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  1. BA
    January 15, 2004

    Today's neo-libertarians, if they truly believe what they claim to believe about freedom, really need to take a second look at Venezuela and it's president Hugo Chávez.

    The democratically-elected government of Venezuela has survived attempted coups - military, economic, and mediatic - and keeps moving forward with the most sweeping reforms and advances in democracy and human rights in the hemisphere today.

    The latest: a reform of the penal code that, while increasing penalties for drug traffickers like every other country, has just decriminalized possession. According to the oligarch's daily El Universal, which leads its report in a panic over the reform's simultaneous legalization of abortion and euthanasia, here's what the new law does for drug users:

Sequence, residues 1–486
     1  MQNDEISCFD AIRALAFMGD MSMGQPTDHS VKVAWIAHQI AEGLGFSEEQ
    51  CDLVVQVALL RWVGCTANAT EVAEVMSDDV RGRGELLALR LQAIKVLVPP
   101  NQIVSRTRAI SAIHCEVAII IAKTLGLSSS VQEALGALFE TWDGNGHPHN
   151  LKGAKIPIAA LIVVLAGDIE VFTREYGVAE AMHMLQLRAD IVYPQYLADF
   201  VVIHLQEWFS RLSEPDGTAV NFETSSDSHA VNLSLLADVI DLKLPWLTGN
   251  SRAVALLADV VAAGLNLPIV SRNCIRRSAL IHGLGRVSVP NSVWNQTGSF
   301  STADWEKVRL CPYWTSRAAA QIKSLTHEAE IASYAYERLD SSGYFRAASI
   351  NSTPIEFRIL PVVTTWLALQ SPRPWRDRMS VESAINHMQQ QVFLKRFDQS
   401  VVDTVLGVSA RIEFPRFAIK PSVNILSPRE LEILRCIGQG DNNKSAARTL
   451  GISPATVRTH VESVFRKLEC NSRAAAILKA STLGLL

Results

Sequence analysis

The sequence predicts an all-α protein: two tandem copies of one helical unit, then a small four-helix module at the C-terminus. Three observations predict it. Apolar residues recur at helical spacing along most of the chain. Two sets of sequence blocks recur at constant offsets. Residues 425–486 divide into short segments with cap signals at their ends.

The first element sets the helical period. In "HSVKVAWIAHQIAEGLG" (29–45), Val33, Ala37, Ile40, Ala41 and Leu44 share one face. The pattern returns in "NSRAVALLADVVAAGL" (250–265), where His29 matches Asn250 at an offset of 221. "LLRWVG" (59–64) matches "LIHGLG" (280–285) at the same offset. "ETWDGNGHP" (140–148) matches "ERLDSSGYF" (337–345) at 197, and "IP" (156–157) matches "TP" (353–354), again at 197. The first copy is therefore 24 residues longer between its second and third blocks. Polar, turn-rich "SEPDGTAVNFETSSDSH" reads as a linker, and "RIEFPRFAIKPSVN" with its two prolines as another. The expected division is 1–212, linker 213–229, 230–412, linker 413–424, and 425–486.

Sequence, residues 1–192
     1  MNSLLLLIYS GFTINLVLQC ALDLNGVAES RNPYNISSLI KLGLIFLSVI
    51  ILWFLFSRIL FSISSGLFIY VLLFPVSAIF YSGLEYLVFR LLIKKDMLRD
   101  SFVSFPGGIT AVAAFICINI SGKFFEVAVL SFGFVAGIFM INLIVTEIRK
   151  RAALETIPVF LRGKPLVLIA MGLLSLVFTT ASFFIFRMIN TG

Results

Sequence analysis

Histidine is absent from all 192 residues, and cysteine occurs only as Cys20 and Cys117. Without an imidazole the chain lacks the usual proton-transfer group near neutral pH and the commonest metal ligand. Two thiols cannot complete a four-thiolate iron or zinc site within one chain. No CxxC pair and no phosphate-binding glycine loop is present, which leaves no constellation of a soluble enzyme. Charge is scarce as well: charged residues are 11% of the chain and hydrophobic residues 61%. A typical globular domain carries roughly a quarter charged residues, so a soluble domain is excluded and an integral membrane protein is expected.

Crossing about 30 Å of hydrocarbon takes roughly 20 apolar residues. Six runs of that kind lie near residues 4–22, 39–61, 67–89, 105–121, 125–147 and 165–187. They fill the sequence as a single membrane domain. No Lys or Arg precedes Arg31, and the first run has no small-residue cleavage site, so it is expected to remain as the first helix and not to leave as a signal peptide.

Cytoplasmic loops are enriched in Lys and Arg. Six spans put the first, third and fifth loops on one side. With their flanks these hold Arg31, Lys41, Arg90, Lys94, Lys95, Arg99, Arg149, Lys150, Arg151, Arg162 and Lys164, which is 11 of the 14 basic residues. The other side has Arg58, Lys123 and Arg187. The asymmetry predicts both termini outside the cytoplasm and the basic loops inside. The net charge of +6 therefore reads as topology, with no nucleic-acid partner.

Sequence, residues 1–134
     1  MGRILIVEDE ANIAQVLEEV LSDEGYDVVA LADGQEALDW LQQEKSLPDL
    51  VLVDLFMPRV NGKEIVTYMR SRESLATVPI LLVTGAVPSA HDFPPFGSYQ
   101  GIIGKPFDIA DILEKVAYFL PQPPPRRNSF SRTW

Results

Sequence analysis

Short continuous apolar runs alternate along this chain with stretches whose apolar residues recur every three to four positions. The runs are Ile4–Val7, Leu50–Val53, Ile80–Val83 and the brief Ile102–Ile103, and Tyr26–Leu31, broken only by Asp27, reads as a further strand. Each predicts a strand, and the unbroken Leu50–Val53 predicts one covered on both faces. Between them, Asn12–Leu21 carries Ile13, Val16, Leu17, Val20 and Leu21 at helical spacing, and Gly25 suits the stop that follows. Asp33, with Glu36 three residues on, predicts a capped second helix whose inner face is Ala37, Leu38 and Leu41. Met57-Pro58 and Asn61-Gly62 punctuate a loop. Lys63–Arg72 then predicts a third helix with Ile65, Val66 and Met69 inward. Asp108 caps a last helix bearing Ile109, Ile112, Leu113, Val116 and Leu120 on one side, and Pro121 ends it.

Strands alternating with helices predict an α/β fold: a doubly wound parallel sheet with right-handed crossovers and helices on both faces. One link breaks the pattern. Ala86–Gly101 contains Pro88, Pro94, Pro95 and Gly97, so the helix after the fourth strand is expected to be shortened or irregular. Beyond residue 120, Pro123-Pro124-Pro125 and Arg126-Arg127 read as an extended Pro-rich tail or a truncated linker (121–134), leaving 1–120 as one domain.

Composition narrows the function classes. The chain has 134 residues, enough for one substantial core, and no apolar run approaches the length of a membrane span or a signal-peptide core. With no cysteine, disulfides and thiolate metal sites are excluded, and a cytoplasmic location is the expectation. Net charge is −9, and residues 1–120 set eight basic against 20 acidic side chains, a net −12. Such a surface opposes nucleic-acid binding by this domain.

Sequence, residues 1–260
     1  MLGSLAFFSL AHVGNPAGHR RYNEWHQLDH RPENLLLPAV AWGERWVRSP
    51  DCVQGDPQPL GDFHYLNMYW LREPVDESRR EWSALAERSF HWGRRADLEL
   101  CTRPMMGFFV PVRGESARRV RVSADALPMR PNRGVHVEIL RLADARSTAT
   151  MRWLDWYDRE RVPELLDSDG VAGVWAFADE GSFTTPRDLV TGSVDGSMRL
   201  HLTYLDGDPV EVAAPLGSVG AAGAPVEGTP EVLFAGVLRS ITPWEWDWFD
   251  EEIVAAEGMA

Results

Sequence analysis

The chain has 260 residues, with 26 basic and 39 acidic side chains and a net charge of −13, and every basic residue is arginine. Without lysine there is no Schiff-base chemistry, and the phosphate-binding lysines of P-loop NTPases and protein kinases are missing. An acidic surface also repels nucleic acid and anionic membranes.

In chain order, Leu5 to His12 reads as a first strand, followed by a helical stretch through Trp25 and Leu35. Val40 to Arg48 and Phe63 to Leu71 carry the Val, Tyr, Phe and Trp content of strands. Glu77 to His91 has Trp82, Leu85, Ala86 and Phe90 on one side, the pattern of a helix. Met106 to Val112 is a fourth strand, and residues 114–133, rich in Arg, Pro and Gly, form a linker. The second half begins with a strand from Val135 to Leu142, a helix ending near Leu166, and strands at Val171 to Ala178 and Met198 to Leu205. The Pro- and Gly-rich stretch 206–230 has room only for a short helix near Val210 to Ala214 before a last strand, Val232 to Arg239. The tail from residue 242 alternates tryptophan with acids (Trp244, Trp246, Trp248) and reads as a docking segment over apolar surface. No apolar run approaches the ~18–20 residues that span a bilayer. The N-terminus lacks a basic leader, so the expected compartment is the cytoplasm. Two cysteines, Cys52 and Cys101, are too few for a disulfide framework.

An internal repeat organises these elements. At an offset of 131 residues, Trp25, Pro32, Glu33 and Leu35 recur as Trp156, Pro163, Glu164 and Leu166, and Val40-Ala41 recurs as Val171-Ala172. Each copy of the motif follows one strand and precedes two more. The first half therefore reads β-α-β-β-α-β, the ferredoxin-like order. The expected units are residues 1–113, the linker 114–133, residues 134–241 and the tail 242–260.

<BLOCKQUOTE>"As personal dose for consumption, the (allowable) quantity of the drug substance is extended to that which is necessary for average individual consumption for no more than five days; and as a provisional dose, the quantity of the substance that is employed for average individual consumption (according to forensics experts) for no more than ten days."
    In sum, the drug addict or user no longer faces prison or penalty in Venezuela if he possesses small amounts of his drug of choice (specifically mentioned by the law are marijuana, hashish, cocaine and its derivatives, opium and its derivatives, and synthetic drugs).


  1. Woodman
    In both Central & South America, AMERICANS = TARGETS!

    If you carry an American passport that makes you subject to kidnapping for ransom by beaner organized crime outfits, and/or guerilla factions looking for $$$.

    I also wouldn't be too quick to get high in a hotel room where the taxi cab driver who directed you to the drug dealer gets paid a second time by corrupt cops for busting you using in that same hotel room.

    Look around. Use your head, & stay safe.

    For all of the bad shit said about the Neds, I'ld still prefer to spend more to fly there than risk Beaner Polotics in the Banana Republics.
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